Shift towards online shopping
Covid-19 has led us to change our ways in a lot of areas and shopping is no exception. An analysis conducted by Bell Potter observes a notable shift towards online shopping which may well prove to be an enduring one.
The team point to a steep increase in website traffic for a number of discretionary retail players during the pandemic. The Athlete’s Foot ((AX1)) saw visits up by more than 40% during April/May, while site visits to Skechers, Platypus and HypeDC were comparable to levels seen only during the Christmas season.
It was the same with Breville Group ((BRG)) with site traffic levels up 16% in May (month-on-month) while City Chic Collective’s ((CCX)) Australia and New Zealand traffic was up 57% (month-on-month). In the apparel segment, Peter Alexander’s ((PMV)) May visits were double the March levels.
Domino’s Pizza Enterprises ((DMP)) saw steady growth in Australia with site traffic growth hitting about 20% month-on-month. Domino’s noted a strong increase in pizza consumption in Japan outside the Christmas holiday season.
JB Hi-Fi ((JBH)) falls in the category of a destination store business yet saw visits increase in April while tempering somewhat in May. Lovisa Holdings ((LOV)), reliant on impulse purchases, is more dependent on foot traffic and, unsurprisingly, the online channel formed only a small component of sales.
Childcare Industry: Back to the basics
The covid-19-hit childcare industry was given temporary additional assistance in the form of a relief package (Early Childhood Education and Care Relief Package). This is set to end on July 12 with a return to the Child Care Subsidy (CCS) along with continued support to unemployed families.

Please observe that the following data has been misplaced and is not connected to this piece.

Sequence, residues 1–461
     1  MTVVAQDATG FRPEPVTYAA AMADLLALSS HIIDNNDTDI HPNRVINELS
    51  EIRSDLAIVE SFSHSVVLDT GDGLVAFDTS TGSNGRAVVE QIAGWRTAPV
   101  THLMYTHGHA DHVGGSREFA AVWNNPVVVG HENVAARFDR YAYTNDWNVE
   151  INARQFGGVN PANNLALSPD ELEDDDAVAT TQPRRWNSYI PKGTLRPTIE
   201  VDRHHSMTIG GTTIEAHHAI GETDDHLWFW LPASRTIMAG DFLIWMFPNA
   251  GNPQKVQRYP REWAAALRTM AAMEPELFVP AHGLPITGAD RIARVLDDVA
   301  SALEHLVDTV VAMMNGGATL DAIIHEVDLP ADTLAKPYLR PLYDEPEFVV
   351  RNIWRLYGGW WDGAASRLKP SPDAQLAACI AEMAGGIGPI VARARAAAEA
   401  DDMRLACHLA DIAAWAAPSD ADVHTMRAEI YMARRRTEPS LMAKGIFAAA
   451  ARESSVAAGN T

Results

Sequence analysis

Operators will be entitled to a transition payment that will replace JobKeeper from July 20. This will be equal to 50% of what they were receiving under the current relief package.
While the package was of immense help, strengthening the ability of landlords’ (REITs) tenants to remain financially viable, the shift back to CCS is a lot better, notes Canaccord Genuity.
This move is also supported by Goldman Sachs which notes the relief package incentivised centres to lower occupancy levels so as to reduce costs and improve profitability.
This will not be profitable under the current circumstances, which see demand for childcare increasing. Goldman Sachs comments increasing occupancy will put financial stress on operators under the relief package, while a return to CCS will enable operators to remain viable and increase daily occupancies.
Canaccord expects government funding to increase by circa 22% in the third quarter to almost $3bn versus $2.5bn in the second quarter.